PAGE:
[ back ] 20. See most recently, with further bibliography, Lehmann 2001:25–33; Behrwald 2005:119f. Notice that the system of the συντέλεια of single member-states already functioned as an instrument of power before 386.

[ back ] 21. Grote 1888 v.8:194–196.

[ back ] 22. Συνοικισμός of Mantinea: Moggi 1976:251–256 (= Nr. 40); foundation of the Arcadian League: Dušanić 1970; Nielsen 2002:474–499; foundation of Megalopolis: Moggi 1976:93–325 (= Nr. 45); Hornblower 1990; Nielsen 2002:414–455.

[ back ] 23. On this, with references to sources and bibliography, Hornblower 2002:247–249; Buckler 2003:302–310.

[ back ] 24. A more comprehensive discussion of the διοικισμός of Mantinea, here taken as case study, can be found in Funke 2004.

[ back ] 25. On what follows, see the relevant discussions e.g. in Hamilton 1979; Funke 1980; Hamilton 1991; Tuplin 1993; Buckler 2003.

[ back ] 26. Moggi 1976:151–153 with overview of the sources.

[ back ] 27. The destruction of the city-walls was part of the normal repertoire of Greek power politics; cf. e.g. the measures taken by the Athenians against Poteidaia (Thucydides 1.56.2), Thasos (1.101.3), or Chios (4.51.1), by the Thebans against Thespiai (4.133.1), and by the Spartans themselves in previous years against Argos (5.83.2), Athens (Xenophon Hellenica 2.2.20; 2.2.23) and Elis (Xenophon Hellenica 3.2.30). By comparison, the διοικισμός was extraordinarily harsh.

[ back ] 28. Xenophon Hellenica 5.2.5–7; Ephoros FGH 70 F 79; Diodorus 15.5.4;15.12.2; Strabo 8.3.2.

[ back ] 29. On the question to what extent the treatment of Mantinea equalled a violation of the King’s Peace see Funke 2004:429.

[ back ] 30. On the institutional form of the constitution of Mantinea in the years between 384 and 370 the sources offer hardly any useful evidence. According to a note in Xenophon Hellenica 5.2.7, from 384 onwards it was no longer the polis of Mantinea that had to contribute its contingent of troops, but each of the four or five villages by itself, each under the control of one Spartan xenagos. This regulation suggests that in all likelihood the very unity of the polis was at least to some extent dissolved. It is questionable whether this dissolution implies that each of the components of the former polis of Mantinea now had its own oligarchic constitution, as suggested by Gehrke 1985:104f; cf. e.g. Hodkinson and Hodkinson 1981:287f. In any case, this rearrangement could not be very effective, since clearly the vast majority of the population of Mantinea opposed it. The extraordinarily smooth and resolute implementation of the second synoecism (see Moggi 1976:251–256 [=Nr. 40]; Gehrke 1985:105) shows that even fifteen years later the cohesion of the civic body had not suffered lasting damage.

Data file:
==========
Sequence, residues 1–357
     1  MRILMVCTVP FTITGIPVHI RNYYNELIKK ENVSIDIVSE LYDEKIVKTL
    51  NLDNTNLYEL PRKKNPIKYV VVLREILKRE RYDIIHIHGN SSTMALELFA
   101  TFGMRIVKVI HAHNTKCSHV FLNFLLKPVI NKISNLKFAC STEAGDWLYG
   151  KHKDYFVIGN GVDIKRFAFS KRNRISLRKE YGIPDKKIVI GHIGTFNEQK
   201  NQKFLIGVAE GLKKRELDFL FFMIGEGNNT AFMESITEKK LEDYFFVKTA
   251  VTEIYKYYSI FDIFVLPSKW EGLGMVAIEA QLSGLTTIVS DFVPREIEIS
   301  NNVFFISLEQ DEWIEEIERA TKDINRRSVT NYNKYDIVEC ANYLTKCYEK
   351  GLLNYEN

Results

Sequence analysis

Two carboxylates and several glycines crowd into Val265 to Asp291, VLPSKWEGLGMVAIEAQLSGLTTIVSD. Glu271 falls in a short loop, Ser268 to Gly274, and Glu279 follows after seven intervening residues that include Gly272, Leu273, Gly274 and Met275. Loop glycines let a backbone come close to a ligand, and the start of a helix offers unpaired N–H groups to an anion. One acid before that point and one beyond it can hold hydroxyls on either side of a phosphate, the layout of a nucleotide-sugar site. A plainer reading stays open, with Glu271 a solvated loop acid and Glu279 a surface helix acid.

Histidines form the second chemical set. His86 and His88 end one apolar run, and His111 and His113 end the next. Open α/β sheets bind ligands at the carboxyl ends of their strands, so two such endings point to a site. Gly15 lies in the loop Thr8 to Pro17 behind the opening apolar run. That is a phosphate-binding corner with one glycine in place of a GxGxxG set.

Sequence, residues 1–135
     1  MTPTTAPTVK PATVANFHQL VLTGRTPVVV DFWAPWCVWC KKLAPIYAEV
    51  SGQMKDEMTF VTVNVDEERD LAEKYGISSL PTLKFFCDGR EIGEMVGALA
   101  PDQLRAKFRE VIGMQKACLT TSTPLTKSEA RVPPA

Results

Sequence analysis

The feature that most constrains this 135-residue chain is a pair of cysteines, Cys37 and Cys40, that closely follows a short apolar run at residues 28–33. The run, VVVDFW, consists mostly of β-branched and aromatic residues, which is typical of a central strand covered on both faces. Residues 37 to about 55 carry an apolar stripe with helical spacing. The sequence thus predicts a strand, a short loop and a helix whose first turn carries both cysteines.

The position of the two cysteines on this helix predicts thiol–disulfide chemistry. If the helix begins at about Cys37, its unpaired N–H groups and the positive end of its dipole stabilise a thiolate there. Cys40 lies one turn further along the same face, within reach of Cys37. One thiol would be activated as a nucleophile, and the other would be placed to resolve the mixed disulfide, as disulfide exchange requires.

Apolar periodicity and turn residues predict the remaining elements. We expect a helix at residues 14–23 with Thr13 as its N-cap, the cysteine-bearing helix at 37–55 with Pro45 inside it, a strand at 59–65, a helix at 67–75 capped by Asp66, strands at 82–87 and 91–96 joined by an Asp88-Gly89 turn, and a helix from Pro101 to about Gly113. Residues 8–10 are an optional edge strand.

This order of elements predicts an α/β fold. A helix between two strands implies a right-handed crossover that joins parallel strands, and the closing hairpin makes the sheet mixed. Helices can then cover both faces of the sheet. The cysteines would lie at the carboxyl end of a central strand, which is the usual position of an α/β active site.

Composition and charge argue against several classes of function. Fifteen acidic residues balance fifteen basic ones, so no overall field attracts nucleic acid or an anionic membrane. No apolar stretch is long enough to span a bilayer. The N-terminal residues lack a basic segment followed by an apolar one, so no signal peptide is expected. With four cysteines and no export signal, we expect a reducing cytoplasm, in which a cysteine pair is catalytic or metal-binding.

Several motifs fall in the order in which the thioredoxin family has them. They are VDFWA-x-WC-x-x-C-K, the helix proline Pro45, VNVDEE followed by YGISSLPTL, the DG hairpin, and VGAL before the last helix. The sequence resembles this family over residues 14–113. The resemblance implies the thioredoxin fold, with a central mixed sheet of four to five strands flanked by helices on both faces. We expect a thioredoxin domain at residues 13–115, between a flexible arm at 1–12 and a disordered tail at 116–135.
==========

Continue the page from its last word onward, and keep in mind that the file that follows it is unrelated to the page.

[ back ] 31. Staatsverträge II2 195.

[ back ] 32. The interpretation advanced by Gschnitzer 1978 (= SEG 28.408; also SEG 49.392) for the treaty originally published by Peek 1974 (= SEG 26.461) still seems to me convincing, both as regards the date (first half of the fifth century BCE) and in the interpretation (treaty between Sparta and a hitherto unknown Peloponnesian polity). Every attempt to date the treaty later and to connect it with the Aetolians of Central Greece (see the overview of the different suggestions in Yates 2005:66n4) is undermined by a consideration of the historical circumstances that this would imply; see now also SEG 51.449.

[ back ] 33. On the history of the relationship between Sparta and Mantinea see the summary accounts in Amit 1973:121–182; Nielsen 2002:389–391.

[ back ] 34. Te Riele 1987 (= SEG 37.340); see also Dubois 1988; IPArk 9.

[ back ] 35. Funke 2004:431–433.

[ back ] 36. Nielsen 1996:79–84; Nielsen 2002:367–372; see already Cartledge 1987:257–259.

[ back ] 37. On this fusion, see Robinson’s contribution to this volume, and cf. Moggi 1976:242–250 (= Nr. 39); Funke 1980:82n29; Tuplin 1982; Whitby 1984; Moggi 1996:159f.

[ back ] 38. Pausanias 8.9.3–4; 8.36.8; on this, see Nielsen 2002:403f.

[ back ] 39. Xenophon Hellenica 7.1.23–24. Herodotus 2.171.3; 8.78,1 and Thucydides 1.2.3 show that Lykomedes could count on older and widespread notions.